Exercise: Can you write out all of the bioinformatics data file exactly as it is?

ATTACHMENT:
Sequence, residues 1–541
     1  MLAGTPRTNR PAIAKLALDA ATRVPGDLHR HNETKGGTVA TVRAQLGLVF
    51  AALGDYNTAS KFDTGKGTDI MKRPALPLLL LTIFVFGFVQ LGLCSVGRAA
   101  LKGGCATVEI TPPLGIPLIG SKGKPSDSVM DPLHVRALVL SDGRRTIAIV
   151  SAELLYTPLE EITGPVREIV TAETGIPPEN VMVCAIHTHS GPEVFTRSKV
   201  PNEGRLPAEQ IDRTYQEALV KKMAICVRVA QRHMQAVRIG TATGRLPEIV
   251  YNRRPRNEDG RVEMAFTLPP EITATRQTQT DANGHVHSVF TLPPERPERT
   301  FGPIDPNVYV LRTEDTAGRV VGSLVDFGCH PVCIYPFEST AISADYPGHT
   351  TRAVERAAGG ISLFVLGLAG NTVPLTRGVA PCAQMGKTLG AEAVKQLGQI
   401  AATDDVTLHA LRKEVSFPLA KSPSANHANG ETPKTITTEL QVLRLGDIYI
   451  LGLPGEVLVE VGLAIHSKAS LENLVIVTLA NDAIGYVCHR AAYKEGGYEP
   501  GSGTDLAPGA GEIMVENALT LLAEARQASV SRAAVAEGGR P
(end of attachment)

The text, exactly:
Sequence, residues 1–541
     1  MLAGTPRTNR PAIAKLALDA ATRVPGDLHR HNETKGGTVA TVRAQLGLVF
    51  AALGDYNTAS KFDTGKGTDI MKRPALPLLL LTIFVFGFVQ LGLCSVGRAA
   101  LKGGCATVEI TPPLGIPLIG SKGKPSDSVM DPLHVRALVL SDGRRTIAIV
   151  SAELLYTPLE EITGPVREIV TAETGIPPEN VMVCAIHTHS GPEVFTRSKV
   201  PNEGRLPAEQ IDRTYQEALV KKMAICVRVA QRHMQAVRIG TATGRLPEIV
   251  YNRRPRNEDG RVEMAFTLPP EITATRQTQT DANGHVHSVF TLPPERPERT
   301  FGPIDPNVYV LRTEDTAGRV VGSLVDFGCH PVCIYPFEST AISADYPGHT
   351  TRAVERAAGG ISLFVLGLAG NTVPLTRGVA PCAQMGKTLG AEAVKQLGQI
   401  AATDDVTLHA LRKEVSFPLA KSPSANHANG ETPKTITTEL QVLRLGDIYI
   451  LGLPGEVLVE VGLAIHSKAS LENLVIVTLA NDAIGYVCHR AAYKEGGYEP
   501  GSGTDLAPGA GEIMVENALT LLAEARQASV SRAAVAEGGR P